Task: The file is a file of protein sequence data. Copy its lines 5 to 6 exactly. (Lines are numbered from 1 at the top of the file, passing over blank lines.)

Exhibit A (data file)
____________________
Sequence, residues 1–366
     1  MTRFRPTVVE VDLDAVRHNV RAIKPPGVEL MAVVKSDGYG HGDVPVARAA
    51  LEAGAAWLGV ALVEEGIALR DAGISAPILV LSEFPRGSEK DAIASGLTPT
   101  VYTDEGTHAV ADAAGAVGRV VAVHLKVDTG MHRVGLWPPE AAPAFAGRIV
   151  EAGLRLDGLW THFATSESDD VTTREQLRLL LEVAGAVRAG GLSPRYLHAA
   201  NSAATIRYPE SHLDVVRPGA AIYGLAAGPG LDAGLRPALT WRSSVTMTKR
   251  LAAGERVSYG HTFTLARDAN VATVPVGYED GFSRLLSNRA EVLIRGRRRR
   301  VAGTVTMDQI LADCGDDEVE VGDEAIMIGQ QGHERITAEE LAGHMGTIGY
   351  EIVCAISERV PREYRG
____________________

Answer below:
   151  EAGLRLDGLW THFATSESDD VTTREQLRLL LEVAGAVRAG GLSPRYLHAA
   201  NSAATIRYPE SHLDVVRPGA AIYGLAAGPG LDAGLRPALT WRSSVTMTKR